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Xenobiotica. 2013 Sep;43(9):823-35. doi: 10.3109/00498254.2013.767951. Epub 2013 Feb 7.

ADME characterization in rats revealed immediate secretion of AZD7903 into the stomach after IV dosing.

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CNS&Pain iMed Science Södertälje, AstraZeneca Research and Development, Södertälje, Sweden.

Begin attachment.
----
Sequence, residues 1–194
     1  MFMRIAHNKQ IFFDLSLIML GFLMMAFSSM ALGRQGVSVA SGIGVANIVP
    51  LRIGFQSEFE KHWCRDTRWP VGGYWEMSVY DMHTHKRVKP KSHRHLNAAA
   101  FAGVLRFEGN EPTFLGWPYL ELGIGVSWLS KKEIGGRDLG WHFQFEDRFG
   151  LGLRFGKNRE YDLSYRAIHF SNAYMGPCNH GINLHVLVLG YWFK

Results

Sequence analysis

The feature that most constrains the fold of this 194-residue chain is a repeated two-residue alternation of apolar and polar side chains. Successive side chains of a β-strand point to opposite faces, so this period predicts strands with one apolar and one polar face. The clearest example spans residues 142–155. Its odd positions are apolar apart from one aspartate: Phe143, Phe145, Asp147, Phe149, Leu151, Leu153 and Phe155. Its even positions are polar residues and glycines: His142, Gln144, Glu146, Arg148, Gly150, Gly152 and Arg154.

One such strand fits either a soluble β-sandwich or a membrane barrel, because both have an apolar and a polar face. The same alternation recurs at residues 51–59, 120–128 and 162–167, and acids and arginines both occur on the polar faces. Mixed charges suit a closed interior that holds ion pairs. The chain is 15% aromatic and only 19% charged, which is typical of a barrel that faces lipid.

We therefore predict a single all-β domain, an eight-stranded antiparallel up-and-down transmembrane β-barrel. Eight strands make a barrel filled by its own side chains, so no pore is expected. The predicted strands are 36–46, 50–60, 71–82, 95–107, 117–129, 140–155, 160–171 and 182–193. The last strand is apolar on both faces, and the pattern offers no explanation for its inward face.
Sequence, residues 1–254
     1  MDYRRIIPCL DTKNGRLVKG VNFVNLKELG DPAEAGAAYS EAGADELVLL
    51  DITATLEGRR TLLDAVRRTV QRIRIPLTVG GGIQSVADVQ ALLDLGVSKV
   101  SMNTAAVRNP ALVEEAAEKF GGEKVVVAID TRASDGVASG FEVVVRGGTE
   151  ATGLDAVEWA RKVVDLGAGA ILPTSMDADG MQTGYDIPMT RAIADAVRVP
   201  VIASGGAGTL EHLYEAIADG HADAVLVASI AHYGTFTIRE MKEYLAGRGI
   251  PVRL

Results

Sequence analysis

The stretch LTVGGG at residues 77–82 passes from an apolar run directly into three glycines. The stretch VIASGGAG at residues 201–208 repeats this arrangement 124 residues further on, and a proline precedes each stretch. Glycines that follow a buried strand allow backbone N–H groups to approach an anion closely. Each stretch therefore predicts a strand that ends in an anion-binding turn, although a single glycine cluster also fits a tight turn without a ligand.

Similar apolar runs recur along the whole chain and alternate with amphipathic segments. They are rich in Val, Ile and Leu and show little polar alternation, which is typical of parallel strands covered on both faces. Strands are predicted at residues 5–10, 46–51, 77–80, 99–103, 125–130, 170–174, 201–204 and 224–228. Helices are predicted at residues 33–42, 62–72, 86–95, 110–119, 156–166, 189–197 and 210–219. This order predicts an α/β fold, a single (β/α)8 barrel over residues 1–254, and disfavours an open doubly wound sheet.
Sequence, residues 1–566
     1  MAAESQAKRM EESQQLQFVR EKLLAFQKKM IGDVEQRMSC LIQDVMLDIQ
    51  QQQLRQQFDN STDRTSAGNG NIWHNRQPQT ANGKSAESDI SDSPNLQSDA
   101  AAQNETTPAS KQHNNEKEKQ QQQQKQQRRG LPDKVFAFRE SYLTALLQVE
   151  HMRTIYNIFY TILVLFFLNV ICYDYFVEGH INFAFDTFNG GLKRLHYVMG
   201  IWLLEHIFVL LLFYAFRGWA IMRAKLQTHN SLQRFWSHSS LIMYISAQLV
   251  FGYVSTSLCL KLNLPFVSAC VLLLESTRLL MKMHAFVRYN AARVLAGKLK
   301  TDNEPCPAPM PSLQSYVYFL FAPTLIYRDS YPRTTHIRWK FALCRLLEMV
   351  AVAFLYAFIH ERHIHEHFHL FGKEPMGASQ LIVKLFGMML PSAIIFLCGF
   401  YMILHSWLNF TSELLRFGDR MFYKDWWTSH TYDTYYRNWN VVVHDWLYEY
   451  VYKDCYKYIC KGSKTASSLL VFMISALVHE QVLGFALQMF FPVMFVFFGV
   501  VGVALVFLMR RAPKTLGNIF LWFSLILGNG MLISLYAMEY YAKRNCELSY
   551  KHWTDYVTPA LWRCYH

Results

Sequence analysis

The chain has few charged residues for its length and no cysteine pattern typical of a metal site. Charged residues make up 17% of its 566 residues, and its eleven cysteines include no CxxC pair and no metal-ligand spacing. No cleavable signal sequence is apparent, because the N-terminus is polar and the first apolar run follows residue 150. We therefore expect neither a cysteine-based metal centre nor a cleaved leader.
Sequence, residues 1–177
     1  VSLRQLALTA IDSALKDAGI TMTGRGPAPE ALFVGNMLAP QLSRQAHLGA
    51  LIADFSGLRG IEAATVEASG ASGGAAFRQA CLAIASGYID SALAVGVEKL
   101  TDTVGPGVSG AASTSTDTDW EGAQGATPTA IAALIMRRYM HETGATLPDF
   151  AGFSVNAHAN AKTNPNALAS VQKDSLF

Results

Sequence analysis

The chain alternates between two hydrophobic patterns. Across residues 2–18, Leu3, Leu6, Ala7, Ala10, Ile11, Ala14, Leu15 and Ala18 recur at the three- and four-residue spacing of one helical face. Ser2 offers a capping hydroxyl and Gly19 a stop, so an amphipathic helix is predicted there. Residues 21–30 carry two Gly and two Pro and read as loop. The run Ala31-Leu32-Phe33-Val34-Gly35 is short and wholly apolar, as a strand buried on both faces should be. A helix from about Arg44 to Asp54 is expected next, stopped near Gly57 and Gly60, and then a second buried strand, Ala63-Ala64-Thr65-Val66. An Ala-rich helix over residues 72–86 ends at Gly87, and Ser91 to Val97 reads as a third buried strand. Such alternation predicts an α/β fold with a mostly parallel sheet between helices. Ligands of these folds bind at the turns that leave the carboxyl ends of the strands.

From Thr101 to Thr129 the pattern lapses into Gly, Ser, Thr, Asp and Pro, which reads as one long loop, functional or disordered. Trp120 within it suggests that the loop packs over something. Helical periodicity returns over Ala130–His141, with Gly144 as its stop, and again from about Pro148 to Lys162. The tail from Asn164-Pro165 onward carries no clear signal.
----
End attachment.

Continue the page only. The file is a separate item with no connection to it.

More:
The distribution of AZD7903 and/or its metabolites was studied in rats following a single p.o. or i.v. dose using quantitative whole-body autoradiography (QWBA). At 5 min after i.v. administration of the ¹⁴C compound, high levels of radioactivity were observed in the fundus of the stomach compared to blood and plasma and the rest of the stomach, indicating an active secretion of ¹⁴C material into the stomach. Also, excretion and pharmacokinetics were studied following p.o. and i.v. dosage in rats. The radioactivity was mainly excreted via feces, and even in i.v. administered bile-duct cannulated (BDC) animals a significant part of radioactivity (26% in males and 57% in females) was recovered in the feces in the form of parent compound and two minor metabolic products. The compound was well absorbed (F% 98 in males and 76 in females), and showed low clearance in plasma (0.14 L/h/kg in males and 0.03 L/h/kg in females) and low-intermediate Vd(ss) (0.7 L/kg). Clear differences in metabolic pathways (qualitative) and rates (quantitative) and consequently in PK parameters between sexes were observed. In summary, the results indicate AZD7903 being substrate for a transporter protein and support the hypothesis that the differences in disposition between sexes are due to differences in metabolic pathways and rates.

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